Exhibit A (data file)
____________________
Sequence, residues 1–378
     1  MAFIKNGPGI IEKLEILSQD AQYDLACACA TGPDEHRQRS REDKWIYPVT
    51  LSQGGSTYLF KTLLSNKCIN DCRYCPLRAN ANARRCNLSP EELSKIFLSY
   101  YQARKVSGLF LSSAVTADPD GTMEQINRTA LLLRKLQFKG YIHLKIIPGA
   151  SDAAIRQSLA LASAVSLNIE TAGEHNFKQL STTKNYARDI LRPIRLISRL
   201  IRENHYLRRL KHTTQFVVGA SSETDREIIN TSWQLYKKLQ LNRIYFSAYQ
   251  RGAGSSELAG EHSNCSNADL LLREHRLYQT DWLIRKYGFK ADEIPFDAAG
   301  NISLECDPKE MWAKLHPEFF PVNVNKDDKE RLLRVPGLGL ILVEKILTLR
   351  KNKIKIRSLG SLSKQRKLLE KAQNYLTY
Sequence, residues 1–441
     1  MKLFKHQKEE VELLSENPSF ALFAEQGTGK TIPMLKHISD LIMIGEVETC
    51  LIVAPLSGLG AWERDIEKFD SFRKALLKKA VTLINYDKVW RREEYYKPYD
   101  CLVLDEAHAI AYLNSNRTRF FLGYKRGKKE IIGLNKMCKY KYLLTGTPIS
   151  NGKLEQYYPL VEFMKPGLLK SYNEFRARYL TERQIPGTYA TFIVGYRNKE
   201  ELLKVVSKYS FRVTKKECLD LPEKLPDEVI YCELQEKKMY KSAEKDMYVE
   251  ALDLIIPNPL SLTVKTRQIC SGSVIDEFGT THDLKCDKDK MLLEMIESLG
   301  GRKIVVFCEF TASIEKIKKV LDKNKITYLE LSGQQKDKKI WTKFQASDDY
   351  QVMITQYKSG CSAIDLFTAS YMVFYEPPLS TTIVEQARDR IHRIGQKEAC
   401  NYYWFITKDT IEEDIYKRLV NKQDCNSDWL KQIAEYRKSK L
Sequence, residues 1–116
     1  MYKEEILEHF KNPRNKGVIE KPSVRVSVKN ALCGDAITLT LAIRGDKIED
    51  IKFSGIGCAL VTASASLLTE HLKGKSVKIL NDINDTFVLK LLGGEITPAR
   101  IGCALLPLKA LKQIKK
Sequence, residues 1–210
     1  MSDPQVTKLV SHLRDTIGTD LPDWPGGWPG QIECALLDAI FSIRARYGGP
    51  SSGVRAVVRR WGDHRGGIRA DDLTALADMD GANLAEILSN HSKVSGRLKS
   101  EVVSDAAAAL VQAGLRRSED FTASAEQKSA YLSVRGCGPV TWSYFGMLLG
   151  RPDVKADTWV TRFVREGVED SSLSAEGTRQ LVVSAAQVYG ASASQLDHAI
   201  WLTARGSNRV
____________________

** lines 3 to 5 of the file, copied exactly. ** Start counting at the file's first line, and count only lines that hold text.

    51  LSQGGSTYLF KTLLSNKCIN DCRYCPLRAN ANARRCNLSP EELSKIFLSY
   101  YQARKVSGLF LSSAVTADPD GTMEQINRTA LLLRKLQFKG YIHLKIIPGA
   151  SDAAIRQSLA LASAVSLNIE TAGEHNFKQL STTKNYARDI LRPIRLISRL